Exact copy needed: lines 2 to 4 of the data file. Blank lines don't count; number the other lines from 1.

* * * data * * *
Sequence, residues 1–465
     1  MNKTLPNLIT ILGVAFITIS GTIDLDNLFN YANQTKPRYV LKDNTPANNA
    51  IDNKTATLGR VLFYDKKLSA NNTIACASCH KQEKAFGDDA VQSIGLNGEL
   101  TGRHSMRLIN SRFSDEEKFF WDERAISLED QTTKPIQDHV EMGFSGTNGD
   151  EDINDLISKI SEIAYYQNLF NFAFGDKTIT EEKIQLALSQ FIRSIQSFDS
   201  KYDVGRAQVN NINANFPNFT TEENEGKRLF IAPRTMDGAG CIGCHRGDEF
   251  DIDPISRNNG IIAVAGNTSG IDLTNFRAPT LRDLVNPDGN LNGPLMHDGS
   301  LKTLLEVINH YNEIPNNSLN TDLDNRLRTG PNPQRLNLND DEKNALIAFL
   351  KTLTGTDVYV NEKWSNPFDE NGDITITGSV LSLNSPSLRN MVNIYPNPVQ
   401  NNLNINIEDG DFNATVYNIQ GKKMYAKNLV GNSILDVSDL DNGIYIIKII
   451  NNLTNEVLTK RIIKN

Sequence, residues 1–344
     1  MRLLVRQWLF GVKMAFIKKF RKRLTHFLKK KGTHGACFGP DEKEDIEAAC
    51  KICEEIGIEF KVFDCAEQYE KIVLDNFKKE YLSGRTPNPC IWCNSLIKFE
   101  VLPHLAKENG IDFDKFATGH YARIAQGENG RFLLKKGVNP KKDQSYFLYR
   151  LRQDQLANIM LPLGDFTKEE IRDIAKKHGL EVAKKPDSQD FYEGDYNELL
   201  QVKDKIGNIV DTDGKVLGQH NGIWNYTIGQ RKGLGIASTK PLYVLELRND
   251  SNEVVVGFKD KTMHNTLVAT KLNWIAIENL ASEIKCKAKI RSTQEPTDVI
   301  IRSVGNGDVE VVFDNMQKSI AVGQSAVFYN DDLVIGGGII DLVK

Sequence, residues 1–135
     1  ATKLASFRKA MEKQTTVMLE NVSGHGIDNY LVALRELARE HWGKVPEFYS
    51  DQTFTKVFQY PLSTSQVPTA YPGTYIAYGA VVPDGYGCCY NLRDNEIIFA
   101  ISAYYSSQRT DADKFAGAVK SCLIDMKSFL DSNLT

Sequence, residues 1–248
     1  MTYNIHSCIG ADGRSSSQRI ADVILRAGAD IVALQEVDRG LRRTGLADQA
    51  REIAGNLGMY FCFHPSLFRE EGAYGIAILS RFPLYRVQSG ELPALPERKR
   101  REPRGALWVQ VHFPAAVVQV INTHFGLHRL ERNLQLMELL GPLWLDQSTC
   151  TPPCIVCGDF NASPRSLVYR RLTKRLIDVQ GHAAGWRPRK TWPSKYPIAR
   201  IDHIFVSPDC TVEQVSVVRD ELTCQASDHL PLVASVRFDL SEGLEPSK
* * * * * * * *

     1  MNKTLPNLIT ILGVAFITIS GTIDLDNLFN YANQTKPRYV LKDNTPANNA
    51  IDNKTATLGR VLFYDKKLSA NNTIACASCH KQEKAFGDDA VQSIGLNGEL
   101  TGRHSMRLIN SRFSDEEKFF WDERAISLED QTTKPIQDHV EMGFSGTNGD